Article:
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80% of Senior Housing Providers Report Critical Worker Burnout, Shortages

Nearly 80% of respondents to a recent seniors housing industry survey reported that caregivers and hourly employees face critical levels of burnout and another 80% said that staffing shortages are the biggest issue they face.

OnShift, a Cleveland-based human management software company, revealed the results of its third annual Workforce 360 Survey earlier this month. 

In 2020, the biggest issue was hiring qualified candidates, according to the previous survey. That result was perhaps a precursor to the labor challenges facing industries across the globe.

“Post-acute care and senior living organizations are a vital part of our communities and [they] have overcome many intense challenges over the past 18 months,” said OnShift President and COO Ray Desrochers. “We have a chance to draw more people into our industry and retain our existing employees by catering to their interests and needs, providing support, and offering work flexibility.”

Staffing shortages have impacted clinical and financial operations. Indeed, 35% of respondents noted that they had to limit new admissions and/or move-ins as a result of staffing issues.

These results come as many operators are looking to improve occupancy rates within their communities following the Covid shutdowns of 2020. Those issues look like they will persist.

Survey highlights

The survey includes responses from more than 2,000 workers in senior housing including professionals from long-term care, senior living, and health care professionals. Here are the notable results at a glance:

  • 80% say there is a critical level of burnout
  • 79% are most concerned with staffing shortages
  • 75% had difficulty filling worker shifts consistently
  • 64% plan to offer bonus pay for working difficult shifts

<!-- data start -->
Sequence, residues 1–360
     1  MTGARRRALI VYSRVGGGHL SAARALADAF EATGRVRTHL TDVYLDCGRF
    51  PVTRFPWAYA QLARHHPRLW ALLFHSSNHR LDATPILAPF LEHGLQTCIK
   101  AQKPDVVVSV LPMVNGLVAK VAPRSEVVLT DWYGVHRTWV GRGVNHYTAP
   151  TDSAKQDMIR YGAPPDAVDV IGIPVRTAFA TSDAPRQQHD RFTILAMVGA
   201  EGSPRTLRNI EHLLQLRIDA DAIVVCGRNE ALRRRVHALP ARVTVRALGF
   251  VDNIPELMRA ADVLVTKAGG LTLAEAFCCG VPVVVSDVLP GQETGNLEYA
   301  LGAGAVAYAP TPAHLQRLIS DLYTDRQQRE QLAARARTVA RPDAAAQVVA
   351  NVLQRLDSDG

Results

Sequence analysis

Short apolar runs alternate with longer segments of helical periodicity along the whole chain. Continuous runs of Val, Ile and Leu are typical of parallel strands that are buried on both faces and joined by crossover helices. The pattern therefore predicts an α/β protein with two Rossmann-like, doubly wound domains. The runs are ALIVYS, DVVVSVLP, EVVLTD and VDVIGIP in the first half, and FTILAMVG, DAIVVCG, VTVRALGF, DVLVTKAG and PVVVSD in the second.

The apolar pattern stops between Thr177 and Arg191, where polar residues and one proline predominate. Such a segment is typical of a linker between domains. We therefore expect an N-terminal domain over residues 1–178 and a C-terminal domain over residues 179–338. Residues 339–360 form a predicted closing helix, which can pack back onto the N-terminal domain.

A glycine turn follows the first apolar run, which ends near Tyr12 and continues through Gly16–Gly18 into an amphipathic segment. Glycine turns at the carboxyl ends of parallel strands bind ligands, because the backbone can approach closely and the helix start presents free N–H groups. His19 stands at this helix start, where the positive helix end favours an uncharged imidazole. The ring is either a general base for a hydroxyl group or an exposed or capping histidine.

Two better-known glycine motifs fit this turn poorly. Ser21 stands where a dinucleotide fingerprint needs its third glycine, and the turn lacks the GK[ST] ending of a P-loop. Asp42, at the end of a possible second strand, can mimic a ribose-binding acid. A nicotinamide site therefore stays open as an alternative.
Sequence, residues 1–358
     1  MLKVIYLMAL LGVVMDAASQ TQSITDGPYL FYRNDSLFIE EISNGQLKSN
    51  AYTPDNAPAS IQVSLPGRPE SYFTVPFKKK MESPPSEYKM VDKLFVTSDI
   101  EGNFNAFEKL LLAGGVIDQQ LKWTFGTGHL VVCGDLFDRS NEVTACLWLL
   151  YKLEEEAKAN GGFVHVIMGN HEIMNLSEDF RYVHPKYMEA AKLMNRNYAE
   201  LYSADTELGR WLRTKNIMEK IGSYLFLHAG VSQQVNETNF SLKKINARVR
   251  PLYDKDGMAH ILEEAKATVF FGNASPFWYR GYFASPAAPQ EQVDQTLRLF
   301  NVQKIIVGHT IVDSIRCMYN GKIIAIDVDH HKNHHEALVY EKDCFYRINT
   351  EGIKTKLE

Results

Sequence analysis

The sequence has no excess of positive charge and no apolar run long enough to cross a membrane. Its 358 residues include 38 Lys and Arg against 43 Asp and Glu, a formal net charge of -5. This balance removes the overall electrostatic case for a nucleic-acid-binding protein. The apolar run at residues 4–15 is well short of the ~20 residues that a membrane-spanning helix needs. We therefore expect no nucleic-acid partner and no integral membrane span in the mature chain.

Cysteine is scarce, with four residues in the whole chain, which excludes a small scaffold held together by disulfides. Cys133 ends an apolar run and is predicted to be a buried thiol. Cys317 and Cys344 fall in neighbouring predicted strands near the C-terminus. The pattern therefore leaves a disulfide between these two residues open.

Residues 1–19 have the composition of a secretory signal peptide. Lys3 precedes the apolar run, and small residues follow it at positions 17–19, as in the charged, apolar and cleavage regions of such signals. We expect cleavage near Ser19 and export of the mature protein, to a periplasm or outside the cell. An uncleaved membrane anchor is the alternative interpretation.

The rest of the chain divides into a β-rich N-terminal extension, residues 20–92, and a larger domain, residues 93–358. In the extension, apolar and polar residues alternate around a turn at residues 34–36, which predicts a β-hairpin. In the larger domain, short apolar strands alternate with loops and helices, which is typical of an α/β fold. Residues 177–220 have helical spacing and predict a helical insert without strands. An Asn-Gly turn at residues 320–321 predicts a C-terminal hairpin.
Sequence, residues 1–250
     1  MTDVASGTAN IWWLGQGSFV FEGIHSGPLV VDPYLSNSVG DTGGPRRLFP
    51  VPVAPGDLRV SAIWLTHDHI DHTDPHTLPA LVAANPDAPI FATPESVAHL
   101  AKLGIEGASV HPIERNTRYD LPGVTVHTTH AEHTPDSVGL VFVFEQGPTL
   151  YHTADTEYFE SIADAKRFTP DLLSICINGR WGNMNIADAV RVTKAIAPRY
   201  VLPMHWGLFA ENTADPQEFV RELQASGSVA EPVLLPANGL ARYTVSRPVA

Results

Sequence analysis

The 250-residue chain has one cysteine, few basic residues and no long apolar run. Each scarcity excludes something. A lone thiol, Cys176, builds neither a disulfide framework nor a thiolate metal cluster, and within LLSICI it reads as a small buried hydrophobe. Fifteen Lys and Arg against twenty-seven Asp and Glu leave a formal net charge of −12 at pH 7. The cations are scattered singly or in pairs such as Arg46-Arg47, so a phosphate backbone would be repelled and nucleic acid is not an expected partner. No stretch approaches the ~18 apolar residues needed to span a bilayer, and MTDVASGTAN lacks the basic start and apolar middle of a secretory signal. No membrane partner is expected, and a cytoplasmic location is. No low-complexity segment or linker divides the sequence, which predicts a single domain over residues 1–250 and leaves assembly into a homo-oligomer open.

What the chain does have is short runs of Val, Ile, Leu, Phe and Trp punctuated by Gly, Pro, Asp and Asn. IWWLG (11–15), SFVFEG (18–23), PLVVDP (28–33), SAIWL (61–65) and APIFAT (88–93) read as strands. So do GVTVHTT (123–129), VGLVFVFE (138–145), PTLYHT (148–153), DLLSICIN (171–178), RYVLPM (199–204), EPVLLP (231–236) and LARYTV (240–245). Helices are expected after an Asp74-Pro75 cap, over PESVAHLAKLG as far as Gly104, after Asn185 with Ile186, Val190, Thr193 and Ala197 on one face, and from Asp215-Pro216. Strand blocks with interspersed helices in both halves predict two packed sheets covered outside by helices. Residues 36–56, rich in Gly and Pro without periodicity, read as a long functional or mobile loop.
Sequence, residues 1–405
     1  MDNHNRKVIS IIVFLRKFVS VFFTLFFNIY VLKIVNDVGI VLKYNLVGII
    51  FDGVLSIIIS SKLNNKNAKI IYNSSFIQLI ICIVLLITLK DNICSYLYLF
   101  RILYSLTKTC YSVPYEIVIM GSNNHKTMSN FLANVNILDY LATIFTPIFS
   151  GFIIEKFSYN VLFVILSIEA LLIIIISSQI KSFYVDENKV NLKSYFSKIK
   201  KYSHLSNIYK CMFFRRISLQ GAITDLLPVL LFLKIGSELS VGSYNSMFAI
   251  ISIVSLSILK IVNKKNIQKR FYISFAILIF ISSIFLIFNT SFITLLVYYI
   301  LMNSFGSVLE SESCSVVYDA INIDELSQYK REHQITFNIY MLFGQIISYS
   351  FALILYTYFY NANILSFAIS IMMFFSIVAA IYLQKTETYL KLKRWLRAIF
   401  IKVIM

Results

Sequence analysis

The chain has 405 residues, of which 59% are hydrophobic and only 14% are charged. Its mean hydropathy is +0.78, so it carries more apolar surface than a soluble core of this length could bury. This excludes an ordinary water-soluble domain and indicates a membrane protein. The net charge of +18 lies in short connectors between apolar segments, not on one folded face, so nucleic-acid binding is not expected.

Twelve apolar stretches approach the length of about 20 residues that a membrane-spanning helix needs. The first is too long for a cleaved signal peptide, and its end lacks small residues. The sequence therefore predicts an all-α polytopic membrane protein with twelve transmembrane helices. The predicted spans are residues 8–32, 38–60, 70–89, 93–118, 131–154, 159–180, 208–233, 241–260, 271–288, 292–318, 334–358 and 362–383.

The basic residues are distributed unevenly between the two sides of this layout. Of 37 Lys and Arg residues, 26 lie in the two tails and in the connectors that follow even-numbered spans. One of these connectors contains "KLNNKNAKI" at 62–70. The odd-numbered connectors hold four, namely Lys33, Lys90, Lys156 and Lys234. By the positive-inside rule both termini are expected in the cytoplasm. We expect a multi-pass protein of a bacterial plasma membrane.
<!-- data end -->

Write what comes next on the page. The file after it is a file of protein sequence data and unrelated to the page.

• 49% either have or are considering rewards/recognition programs
  • 89% indicated that DEI efforts were a priority for 2022 – 50% indicated it was a “high” priority

Such findings align with what senior living provider executives have reported in recent months, as pandemic-related labor woes have gripped the industry and economy at large. Among the specific recent actions that providers are taking, Lifespace Communities announced a $17 million increase in wages across the enterprise for 2022, Aegis Living is piloting an in-house staffing agency, and Vitality Living is adjusting wage scales and seeking to implement more creative benefits.

Recruit and retain

The labor challenge is not just in recruiting employees, it’s in keeping them. The survey shows that 83% of the respondents ranked talent retention as a “high priority” on top of the 77% who reported difficulties recruiting and hiring workers.

Those in the industry appear to understand the adaptations needed to recruit and retain talent. Nearly two-thirds of respondents said they already offer or they plan to offer bonus payments to workers who take on the most difficult shifts.

And almost half of the cohort reported that they have in place or are considering enacting various rewards and recognition programs within their organization as a way to engage and retain their employees.

Based on the results, it’s clear that those in the industry believe that inclusion will be important to prospective workers moving forward.

Heading into 2022, the survey appears to indicate a coming focus on diversity, equality, and inclusion (DEI) efforts within workplaces.

Companies are also thinking outside the box when it comes to who they’re recruiting. More than 70% of those surveyed are recruiting students. Beyond that, 34% said they are considering resident/patient family members as potential candidates, 28% are considering retirees, and 8% are utilizing gig workers.

The post 80% of Senior Housing Providers Report Critical Worker Burnout, Shortages appeared first on Senior Housing News.

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